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Combined driving tests a drivers’ ability and the horses’ drivability, speed and athleticism, in three demanding phases with a carriage in tow: Driven Dressage, Marathon and Cones. The sport, conceptualized by HRH Prince Phillip, is modeled after the mounted equestrian discipline of three-day eventing or the human equivalent of triathlon.
Competitors drive a turnout of a single horse, a pair of horses or a team of four horses. The driver and horse(s) combination will accumulate penalty points throughout each phase of competition. The competitor with the fewest overall penalty points will place first. Accuracy, speed and endurance are all a necessary part of this exhilarating sport.
The driven dressage phase tests the driver and their horse(s) on harmony, impulsion, ease of movement and suppleness through a sequence of scored movements in an arena. Typically, the second phase is the fast-paced and demanding cross-country marathon. The marathon tests a horse’s fitness, stamina and agility along with a driver’s accuracy and judgment as they navigate an intricate series of hazards which will include water, steep hills and sharp turns – all within the fastest time possible. The last phase, the cones course, times the competitor while they accurately negotiate an intricate, winding course of narrowly-set cones without knocking them with the carriage wheels.
While combined driving is a technical and demanding sport, it can be enjoyed by people of any age and with any breed of horses or ponies.
Learn more at The American Driving Society
Follow Team USA on social media #USADriving
The word dressage comes from the French term meaning “training” and its purpose is to strengthen and supple the horse while maintaining a calm and attentive demeanor. With its popularity rapidly growing each year, this Olympic sport is the ultimate expression of horse training and elegance. Often compared to ballet or figure skating, the intense connection between both human and equine athletes is a thing of beauty to behold.
Competitive dressage involves progressively difficult levels incorporating multiple tests within each level. Each test includes a series of movements performed by the horse and rider. Each movement is scored by a judge on a scale of 0-10 for their precision and execution. Special tests are also written for musical freestyle, sport horse breeding and performances incorporating multiple horses and riders. The high-score horse and rider combination wins a class.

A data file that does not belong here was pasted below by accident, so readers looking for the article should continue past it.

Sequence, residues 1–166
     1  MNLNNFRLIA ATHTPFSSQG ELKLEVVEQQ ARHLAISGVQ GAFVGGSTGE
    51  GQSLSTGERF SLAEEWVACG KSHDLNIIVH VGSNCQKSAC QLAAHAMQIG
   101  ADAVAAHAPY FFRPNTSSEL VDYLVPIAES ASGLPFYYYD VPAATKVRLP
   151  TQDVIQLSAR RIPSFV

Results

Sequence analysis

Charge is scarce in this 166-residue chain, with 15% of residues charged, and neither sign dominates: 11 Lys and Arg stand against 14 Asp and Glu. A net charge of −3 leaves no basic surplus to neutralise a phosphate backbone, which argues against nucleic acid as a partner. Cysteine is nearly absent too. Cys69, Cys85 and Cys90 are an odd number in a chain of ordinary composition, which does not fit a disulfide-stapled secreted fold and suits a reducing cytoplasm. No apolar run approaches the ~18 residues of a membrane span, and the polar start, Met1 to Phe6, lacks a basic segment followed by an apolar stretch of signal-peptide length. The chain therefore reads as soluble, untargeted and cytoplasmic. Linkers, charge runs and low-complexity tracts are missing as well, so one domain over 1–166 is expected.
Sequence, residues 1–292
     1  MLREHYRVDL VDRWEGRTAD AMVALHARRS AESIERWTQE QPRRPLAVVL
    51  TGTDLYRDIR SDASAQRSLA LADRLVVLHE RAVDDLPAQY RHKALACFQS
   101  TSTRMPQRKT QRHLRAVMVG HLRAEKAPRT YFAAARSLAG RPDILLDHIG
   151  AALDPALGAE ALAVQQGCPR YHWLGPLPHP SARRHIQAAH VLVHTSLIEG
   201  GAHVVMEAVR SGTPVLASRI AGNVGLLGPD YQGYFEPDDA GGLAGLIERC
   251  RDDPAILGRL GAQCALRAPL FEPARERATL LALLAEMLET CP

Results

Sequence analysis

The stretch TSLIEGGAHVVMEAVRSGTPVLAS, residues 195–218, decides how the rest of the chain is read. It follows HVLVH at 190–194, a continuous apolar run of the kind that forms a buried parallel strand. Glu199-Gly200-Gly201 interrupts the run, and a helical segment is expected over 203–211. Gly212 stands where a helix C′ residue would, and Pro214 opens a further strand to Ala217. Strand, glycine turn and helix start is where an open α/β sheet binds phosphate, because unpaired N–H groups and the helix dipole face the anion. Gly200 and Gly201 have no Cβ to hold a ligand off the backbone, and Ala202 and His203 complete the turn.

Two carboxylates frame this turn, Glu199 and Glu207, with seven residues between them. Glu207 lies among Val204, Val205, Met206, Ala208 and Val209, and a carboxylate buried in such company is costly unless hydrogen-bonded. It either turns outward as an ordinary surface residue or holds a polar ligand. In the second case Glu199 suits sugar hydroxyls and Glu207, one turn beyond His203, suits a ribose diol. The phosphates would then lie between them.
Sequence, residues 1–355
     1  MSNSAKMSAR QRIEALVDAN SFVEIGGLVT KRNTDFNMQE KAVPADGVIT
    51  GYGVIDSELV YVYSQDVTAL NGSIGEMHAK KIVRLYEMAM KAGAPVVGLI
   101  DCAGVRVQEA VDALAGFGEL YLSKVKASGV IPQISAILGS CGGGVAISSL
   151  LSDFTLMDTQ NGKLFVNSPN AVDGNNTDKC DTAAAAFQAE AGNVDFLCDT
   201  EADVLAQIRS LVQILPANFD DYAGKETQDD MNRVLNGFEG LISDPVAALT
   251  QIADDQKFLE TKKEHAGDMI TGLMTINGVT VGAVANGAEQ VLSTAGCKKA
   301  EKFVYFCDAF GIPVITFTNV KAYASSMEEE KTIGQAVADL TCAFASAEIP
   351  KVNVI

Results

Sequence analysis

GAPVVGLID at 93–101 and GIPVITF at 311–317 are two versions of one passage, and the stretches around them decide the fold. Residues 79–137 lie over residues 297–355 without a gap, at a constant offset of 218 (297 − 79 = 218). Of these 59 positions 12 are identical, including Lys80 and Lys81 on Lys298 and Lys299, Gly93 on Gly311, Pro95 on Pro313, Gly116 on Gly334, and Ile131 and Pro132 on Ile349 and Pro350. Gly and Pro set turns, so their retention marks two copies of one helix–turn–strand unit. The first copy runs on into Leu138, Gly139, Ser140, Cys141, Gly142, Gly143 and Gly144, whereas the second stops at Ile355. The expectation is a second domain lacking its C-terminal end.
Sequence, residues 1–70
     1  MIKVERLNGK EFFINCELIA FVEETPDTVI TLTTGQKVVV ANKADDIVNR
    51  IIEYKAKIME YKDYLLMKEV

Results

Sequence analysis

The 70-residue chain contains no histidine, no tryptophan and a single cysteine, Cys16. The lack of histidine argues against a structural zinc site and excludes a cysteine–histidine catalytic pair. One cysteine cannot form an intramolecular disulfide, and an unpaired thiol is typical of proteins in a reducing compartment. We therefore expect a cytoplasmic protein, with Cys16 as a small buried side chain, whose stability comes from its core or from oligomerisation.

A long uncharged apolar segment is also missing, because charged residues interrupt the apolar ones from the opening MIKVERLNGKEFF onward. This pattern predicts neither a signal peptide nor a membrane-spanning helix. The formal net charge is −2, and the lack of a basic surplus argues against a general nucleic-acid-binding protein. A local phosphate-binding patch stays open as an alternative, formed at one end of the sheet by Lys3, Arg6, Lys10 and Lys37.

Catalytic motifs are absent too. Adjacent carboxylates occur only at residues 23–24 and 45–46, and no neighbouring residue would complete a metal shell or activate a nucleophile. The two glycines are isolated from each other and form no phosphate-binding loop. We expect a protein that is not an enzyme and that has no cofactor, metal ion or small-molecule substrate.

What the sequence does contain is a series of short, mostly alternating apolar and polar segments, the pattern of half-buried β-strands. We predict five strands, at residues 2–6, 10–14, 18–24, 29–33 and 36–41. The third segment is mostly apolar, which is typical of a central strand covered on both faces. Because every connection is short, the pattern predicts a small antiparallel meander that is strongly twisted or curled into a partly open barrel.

Musical freestyles are an increasingly important part of competitive dressage. They are mandatory for any international or FEI rider and with the growth and addition of the US Dressage finals, freestyles are not just for the elite riders but also riders at all levels.
For the freestyle, the movements are choreographed to edited music. The horse and rider should stay in step with the music. This skill requires a high degree of proficiency. Riders can choose to show off their skills by entering a musical freestyle at any level. Music can be an inspiration to the rider and engages the audience and is a creative way to present the sport.
Pas de Deux and quadrille offer a way to compete in a musical freestyle with a partner or group of riders. Pas de Deux has great spectator and audience appeal. The most famous quadrilles are the Spanish Riding School, the Cadre Noir and the Royal Canadian Mounted Police.
Although quadrille has been performed as an equestrian pageant since the Baroque period, it has only recently become a competitive sport. It is an activity suitable for all ages, including youth groups such as 4-H and US Pony Club. Quadrille offers equestrian education in riding, training, and rider/horse communication in a group atmosphere of teamwork and camaraderie.
Learn more at the United States Dressage Federation.
There are three main divisions at a hunter/jumper horse show: hunters, jumpers and equitation. A rider pilots a horse over a set course of obstacles in the arena or turf field in all three divisions. Each division is scored differently. The Olympic sport of show jumping is objectively scored based on the speed and accuracy of the horse and rider over a course of obstacles. Hunter and Equitation classes are scored subjectively on their form over a course, with hunter classes focusing on the form of the horse and equitation classes focusing on the form of the rider.